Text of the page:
It is apparent that this is a space where we can do more for creating, delivering and using energy.
The energy transition challenge over the long term will be seismic, but we must immediately address a number of the fundamental barriers to achieve a legitimate pathway to a 1.5-degree outcome. The pace of change is not fast enough, and the actions of policymakers, regulators and consumers belie the overall, and improving, sentiment among Australians to achieve these goals.
It is clear that the long-term strategy for energy transition is to substantially reduce our reliance on fossil fuels.
Business can lead the way
To achieve this reality, we must significantly increase renewable energy sources and make them cost-effective. We must make technological advances to implement new clean energy supply using hydrogen and encourage further innovation to create alternative options.
The annual investment into clean energy worldwide will need to reach $5 trillion by 2030. The decisions we make in the short and medium-term will be crucial in ensuring we can achieve net-zero.
All leading industrial nations bear the leadership responsibility to accelerate the race to net zero, and Australia has a vital role to play.
Australia has a number of natural competitive advantages within a global market, whether this is:
- Driving the energy transition using our existing natural resources to accelerate the take-up of renewable energy.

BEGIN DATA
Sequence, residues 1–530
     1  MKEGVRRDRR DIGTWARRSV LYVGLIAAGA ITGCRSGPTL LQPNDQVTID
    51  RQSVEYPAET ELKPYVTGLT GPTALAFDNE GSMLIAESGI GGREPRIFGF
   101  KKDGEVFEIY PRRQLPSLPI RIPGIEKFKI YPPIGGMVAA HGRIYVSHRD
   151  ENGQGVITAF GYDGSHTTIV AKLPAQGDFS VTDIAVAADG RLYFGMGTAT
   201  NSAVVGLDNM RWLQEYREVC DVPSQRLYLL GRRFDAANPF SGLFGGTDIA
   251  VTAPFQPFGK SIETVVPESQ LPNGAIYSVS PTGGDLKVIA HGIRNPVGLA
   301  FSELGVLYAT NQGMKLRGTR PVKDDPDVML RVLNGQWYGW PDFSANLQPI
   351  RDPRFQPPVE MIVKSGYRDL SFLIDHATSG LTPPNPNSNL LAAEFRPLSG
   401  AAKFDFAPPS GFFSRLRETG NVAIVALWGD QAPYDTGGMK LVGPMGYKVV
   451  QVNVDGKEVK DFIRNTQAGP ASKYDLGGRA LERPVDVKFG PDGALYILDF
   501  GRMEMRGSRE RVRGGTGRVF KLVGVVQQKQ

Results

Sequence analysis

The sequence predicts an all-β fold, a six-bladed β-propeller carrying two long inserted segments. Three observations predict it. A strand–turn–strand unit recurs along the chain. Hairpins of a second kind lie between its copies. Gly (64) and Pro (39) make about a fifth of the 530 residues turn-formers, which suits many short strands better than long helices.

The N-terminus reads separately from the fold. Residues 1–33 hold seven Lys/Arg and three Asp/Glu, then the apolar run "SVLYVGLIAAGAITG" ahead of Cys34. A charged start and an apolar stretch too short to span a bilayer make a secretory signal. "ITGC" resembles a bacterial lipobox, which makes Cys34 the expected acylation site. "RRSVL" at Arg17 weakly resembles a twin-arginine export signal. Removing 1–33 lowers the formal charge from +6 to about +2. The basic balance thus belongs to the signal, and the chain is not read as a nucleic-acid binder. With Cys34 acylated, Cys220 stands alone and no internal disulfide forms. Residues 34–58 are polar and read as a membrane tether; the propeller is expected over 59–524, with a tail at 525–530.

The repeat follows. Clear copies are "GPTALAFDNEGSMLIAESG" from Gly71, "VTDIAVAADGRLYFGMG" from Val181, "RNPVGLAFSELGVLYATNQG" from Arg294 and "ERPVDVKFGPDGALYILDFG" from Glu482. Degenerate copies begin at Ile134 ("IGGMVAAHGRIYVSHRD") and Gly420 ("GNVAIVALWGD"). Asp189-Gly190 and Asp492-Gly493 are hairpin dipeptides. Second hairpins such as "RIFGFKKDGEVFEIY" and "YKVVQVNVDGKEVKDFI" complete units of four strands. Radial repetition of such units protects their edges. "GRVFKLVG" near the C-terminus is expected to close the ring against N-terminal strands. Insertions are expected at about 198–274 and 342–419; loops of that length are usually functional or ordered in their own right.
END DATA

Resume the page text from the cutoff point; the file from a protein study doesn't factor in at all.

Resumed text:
- Leveraging our comprehensive research resources and capability to accelerate alternative energy technologies.
- Accelerating the digital pathway to enable lower-cost and more efficient energy consumption.
- Creating policy settings with challenging legislative targets on reducing fossil fuels.
We must use these advantages and make them effective now.
It is refreshing that we are starting to see a shift in action from the federal government. Minister Angus Taylor’s release of Australia’s Long-Term Emissions Target Plan is encouraging.
Recent policy positions are beginning to address some elements of the solution; the nation’s new $1.6 billion Economic Accelerator Program is an example, designed to turn Australia’s leading research into world-leading businesses, with recycling and clean energy one of the six “national manufacturing priority areas” at which the program is aimed.
It is equally critical to encourage that private-sector investment is mobilised to accelerate the transition.
Not only to clean energy but also, to develop green technology and digital technology; and to create new industries with new jobs that solve the workforce challenges and various social issues in Australia to build a sustainable society.
The innovation ecosystem in Australia is readily adaptable to provide leadership in digital technologies. We have an abundance of research-agency capability – the CSIRO and The Australian Nuclear Science and Technology Organisation (ANSTO) to name just two – and a university sector with expertise and talent.
What is missing are the investment frameworks that create a stimulus for private sector, including start-ups and incubators participation that complete the eco-system; and that encourage foreign companies, with finite capital for R&D, to choose to invest in Australia, rather than in competing countries.
To achieve Australia’s global goals, cooperation between individuals, businesses, and governments is paramount to our success. This is a pivotal time, in which we all need to work together to achieve action.
Michael Miller is managing director of Hitachi Australia.